- Optimism (OP) – The pioneers behind ‘rollup’ technology, Optimism was one of the first Ethereum Layer-2s. On top of being EVM-compatible, Optimism has one of the most committed approaches to decentralization among EVM chains.
- Fantom (FTM) – Unlike its rivals in this list, Fantom isn’t technically a blockchain. The Fantom network is a directed acyclic graph (DAG) designed for scalability.
- Celo (CELO) – Originally designed as a simple payment network, Celo has blossomed into a fully-fledged and functional EVM chain with plenty of dApps and tools for the budding DeFi enthusiast.
EVM Chain Pros and Cons
After the invention of Bitcoin (BTC) itself, the Ethereum Virtual Machine (EVM) is arguably the biggest revolution in the blockchain landscape, serving as the backbone for a myriad of decentralized applications and platforms. Of course, it’s not without its faults.
- Interoperability – EVM-compatible chains can seamlessly interact with Ethereum-based code, allowing for smooth data and asset transfers between blockchains.
- Rich Developer Ecosystem – If you can build dApps on Ethereum, you can build dApps on any EVM chain. This means native Ethereum developers can spread their knowledge throughout the wider blockchain industry.
- Standardization – EVM chains provide a standardized environment, ensuring smart contracts behave consistently across different networks.
- Security – The EVM’s isolated environment ensures that smart contracts are executed securely, protecting the network from potential vulnerabilities and external threats.
- Flexibility – The Ethereum Virtual Machine’s Turing completeness allows developers to craft intricate and versatile smart contracts, catering to various use cases and industries.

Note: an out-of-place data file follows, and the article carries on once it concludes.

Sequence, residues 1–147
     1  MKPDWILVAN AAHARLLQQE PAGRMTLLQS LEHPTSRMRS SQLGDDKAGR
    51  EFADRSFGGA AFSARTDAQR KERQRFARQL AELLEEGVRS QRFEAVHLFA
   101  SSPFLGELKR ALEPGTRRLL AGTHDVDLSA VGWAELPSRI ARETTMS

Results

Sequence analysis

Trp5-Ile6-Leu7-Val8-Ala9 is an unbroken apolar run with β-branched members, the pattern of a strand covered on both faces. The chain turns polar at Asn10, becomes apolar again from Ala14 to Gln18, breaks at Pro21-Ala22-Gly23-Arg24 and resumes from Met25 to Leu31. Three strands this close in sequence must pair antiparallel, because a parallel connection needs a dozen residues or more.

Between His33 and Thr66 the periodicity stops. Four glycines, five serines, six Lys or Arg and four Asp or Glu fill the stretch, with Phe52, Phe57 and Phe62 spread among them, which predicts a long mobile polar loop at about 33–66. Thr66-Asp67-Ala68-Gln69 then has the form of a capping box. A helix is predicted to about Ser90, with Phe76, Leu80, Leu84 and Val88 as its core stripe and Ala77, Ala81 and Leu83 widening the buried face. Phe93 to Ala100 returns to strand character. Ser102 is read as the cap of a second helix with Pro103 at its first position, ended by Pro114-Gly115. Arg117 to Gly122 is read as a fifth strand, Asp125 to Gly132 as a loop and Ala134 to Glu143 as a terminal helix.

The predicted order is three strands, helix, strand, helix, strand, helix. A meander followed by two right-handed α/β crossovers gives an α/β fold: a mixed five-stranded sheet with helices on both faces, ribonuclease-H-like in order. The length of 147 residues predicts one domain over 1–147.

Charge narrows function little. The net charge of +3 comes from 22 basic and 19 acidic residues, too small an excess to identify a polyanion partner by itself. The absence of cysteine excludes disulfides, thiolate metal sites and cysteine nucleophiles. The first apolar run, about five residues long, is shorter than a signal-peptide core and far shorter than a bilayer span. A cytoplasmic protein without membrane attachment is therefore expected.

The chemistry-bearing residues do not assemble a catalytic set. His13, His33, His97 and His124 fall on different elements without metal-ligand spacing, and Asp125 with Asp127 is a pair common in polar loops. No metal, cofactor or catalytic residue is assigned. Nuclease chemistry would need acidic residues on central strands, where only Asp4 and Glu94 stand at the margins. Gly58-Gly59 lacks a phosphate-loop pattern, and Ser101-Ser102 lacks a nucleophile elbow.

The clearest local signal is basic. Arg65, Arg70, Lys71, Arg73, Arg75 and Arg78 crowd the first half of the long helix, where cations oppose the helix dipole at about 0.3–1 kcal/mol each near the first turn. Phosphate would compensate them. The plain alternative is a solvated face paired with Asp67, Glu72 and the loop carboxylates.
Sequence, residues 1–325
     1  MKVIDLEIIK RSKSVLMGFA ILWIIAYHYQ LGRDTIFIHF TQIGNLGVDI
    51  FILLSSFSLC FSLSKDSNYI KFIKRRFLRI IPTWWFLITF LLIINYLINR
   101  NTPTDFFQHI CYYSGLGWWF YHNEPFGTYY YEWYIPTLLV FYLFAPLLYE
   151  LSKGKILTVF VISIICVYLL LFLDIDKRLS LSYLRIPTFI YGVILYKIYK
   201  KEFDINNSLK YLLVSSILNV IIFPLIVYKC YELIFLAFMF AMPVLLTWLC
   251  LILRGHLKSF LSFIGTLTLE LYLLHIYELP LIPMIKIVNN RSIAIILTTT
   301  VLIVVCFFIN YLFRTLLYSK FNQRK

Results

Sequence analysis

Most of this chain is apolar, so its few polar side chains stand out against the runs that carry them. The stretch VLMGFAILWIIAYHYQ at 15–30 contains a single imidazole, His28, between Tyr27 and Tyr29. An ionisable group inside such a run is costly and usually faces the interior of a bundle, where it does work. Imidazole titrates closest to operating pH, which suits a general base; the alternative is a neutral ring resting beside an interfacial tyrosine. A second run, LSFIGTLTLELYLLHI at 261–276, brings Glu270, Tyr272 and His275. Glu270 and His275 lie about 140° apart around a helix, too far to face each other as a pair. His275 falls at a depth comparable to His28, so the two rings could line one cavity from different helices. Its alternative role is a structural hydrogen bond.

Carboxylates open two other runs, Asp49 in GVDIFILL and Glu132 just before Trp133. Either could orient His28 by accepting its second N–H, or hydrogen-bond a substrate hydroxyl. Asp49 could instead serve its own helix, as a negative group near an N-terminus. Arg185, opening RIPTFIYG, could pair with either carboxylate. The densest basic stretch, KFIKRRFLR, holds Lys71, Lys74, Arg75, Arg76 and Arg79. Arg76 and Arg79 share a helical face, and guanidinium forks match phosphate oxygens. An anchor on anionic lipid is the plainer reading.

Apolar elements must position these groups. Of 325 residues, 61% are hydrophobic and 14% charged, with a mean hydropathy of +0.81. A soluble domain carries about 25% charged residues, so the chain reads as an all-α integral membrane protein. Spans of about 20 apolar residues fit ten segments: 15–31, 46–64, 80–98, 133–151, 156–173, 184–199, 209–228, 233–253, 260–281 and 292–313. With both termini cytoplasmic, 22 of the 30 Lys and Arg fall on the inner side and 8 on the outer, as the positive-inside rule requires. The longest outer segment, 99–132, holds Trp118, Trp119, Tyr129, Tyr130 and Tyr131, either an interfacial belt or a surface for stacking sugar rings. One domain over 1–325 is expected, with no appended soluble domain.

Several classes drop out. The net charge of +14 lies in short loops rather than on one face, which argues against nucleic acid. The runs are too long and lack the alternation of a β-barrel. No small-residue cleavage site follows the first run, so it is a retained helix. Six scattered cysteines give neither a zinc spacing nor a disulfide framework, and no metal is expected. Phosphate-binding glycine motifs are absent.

- Scalability Issues – Even on separate networks like Avalanche and BNB Chain, EVM chains are vulnerable to gas spikes and network congestion. Competing networks like Solana and XRP charge consistent transaction costs regardless of network strain.
- Complexity – While the EVM offers immense flexibility, it also introduces complexity. Developers need to be well-versed in specific programming languages like Solidity and aware of decentralized development’s nuances.
- Resource Intensity – Running and maintaining EVM nodes is resource-intensive and requires significant computational power and storage.
- Learning Curve – For newcomers, the Ethereum Virtual Machine can present a steep learning curve, marking it difficult to come to terms with.
On the Flipside
- While networks like Solana and Cardano don’t natively support EVM-based programs, independent teams have created EVM networks like NEON and Milkomeda that settle transactions on their respective Layer-1.
Why This Matters
In the current climate of the crypto industry, running an Ethereum Virtual Machine is essential if teams want to bring users to their blockchain. Without being EVM-compatible, the barriers to entry are too inconvenient.
As we can see, Cardano is a Top 10 cryptocurrency by market cap, but it has far fewer DeFi applications and TVL statistics than relatively unknown EVM-chains like Kava and Pulsechain.
In terms of usage and on-chain metrics, the top EVM chains are Ethereum, BNB Chain, Arbitrum, Optimism, and Polygon.
No, Cardano is not a native EVM chain. However, Milkomeda has created an EVM-based network that settles transactions on the Cardano blockchain.
Metamask is a crypto wallet compatible with all EVM networks, including testnets. While Metamask is not an EVM chain itself, it is EVM-compatible.
Binance is a cryptocurrency exchange and trading platform, so it is technically not an EVM. That being said, the BNB Chain is an EVM-compatible network.